Lawmakers considered a bill Wednesday that would criminalize cyber bullying in situations where young victims are harmed.
Sen. Kevin Meyer, R-Anchorage, is the sponsor of SB128, which would expand the state’s harassment clause to include electronic bullying of children.
“Bullying doesn’t just happen at schools — it happens everywhere,” Meyer told the Empire after the meeting.
He added that the motivation for introducing the legislation was a grim trend nationwide, which he hopes to curtail in Alaska.
“There’s a lot of youth suicides (in the Lower 48),” Meyer said. “And when they find out why, they’re finding the person was being bullied through Facebook and emails — all these electronic devices that our current harassment bills do not include.”
The bill would criminalize sending an electronic communication that “insults, taunts, challenges or intimidates” a minor in a way that causes “the fear of physical injury, severe mental or emotional injury, or damage to the person’s property.”
Violators could face up to 90 days behind bars. Some questioned if they punishment was too light for more serious cases of bullying.
“We used to say, ‘sticks and stones can break my bones, but names will never hurt,’” Sen. Fred Dyson, R-Eagle River said. “But you can recover from a broken arm. The wounds to our soul — now, that’s tougher.”
The concept of covering only electronic messages sent directly to a victim didn’t win much support from the committee.
Bethel resident Daisy May Barrera told the Senate Judiciary Committee that actions now defined as bullying have always been considered serious in Alaskan culture.
“The language of our tongue can quickly kill an individual, and I view that equally with electronic communication,” Barrera said. “It’s not any different.”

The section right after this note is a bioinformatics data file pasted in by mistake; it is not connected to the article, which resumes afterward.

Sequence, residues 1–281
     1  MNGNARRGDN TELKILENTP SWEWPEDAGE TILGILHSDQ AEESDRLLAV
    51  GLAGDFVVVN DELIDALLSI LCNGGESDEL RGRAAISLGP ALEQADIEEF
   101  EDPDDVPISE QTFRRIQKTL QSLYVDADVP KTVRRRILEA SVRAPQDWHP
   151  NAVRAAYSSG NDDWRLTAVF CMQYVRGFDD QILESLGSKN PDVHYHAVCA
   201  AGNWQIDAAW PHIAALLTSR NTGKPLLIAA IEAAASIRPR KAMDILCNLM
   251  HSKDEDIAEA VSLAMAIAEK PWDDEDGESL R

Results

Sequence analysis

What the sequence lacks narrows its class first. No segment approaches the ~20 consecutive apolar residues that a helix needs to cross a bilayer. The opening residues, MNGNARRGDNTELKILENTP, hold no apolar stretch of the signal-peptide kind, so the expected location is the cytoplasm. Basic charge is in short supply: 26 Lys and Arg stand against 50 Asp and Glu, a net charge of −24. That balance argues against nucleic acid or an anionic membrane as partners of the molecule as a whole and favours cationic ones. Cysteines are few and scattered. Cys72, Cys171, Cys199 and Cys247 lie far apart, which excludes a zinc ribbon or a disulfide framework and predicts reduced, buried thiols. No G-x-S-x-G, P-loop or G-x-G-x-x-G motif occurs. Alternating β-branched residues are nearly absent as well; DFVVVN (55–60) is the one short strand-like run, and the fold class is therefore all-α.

Arlene Briscoe, an Anchorage-area nurse with special expertise in mental health, said the cyber bullying issue is not unique to rural or urban Alaska.
“We see the torment (daily) that is caused by cyber bullying,” Briscoe said.
She added that the impacts are often suicidal thoughts or attempts, or lingering effects such as depression that can lead to self-harm like cutting or burning.
“Families don’t know how to deal with this kind of bullying anymore,” she said.
Lawmakers should consider including language requiring treatment for the bullies, Briscoe said.
“For first-time offenses, let’s get them somewhere. Let’s suggest them treatment,” she said.
Anne Carpeneti, with the state Department of Law, cautioned lawmakers to be mindful of freedom of speech issues.
“This is a tough thing to draft that protects individuals from the harm of the conduct while still protecting people’s right to express themselves,” she said.
Democratic Sen. Bill Wielechowski of Anchorage posed the question of broadening the legislation to include victims of all ages, but that idea isn’t likely to gain much traction with the bill’s sponsor, who wants to keep the focus on Alaska’s youths.
“Kids in particular are the most vulnerable,” Meyer said.